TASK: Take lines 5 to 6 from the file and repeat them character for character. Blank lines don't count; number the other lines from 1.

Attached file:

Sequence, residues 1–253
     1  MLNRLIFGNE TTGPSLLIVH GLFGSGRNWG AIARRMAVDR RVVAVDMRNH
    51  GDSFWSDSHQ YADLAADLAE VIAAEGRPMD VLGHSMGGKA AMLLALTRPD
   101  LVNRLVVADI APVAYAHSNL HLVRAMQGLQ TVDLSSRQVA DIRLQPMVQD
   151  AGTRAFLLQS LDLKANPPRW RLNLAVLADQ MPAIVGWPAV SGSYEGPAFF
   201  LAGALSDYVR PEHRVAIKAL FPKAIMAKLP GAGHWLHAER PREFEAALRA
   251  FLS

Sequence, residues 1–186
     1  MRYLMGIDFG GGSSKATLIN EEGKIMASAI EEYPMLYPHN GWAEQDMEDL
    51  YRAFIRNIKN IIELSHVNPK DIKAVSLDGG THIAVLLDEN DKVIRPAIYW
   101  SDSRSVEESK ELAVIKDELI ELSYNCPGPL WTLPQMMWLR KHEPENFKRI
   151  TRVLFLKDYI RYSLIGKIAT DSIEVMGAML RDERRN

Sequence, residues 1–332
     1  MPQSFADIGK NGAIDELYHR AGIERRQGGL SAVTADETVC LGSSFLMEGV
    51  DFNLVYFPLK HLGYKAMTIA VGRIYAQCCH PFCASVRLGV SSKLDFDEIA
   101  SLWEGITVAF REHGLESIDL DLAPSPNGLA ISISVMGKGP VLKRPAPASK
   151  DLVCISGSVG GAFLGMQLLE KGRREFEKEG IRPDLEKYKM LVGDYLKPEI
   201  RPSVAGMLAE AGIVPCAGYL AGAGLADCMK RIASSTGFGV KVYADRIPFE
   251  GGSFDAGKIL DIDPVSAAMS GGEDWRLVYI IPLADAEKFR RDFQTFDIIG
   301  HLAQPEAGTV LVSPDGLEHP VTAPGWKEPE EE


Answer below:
   151  AGTRAFLLQS LDLKANPPRW RLNLAVLADQ MPAIVGWPAV SGSYEGPAFF
   201  LAGALSDYVR PEHRVAIKAL FPKAIMAKLP GAGHWLHAER PREFEAALRA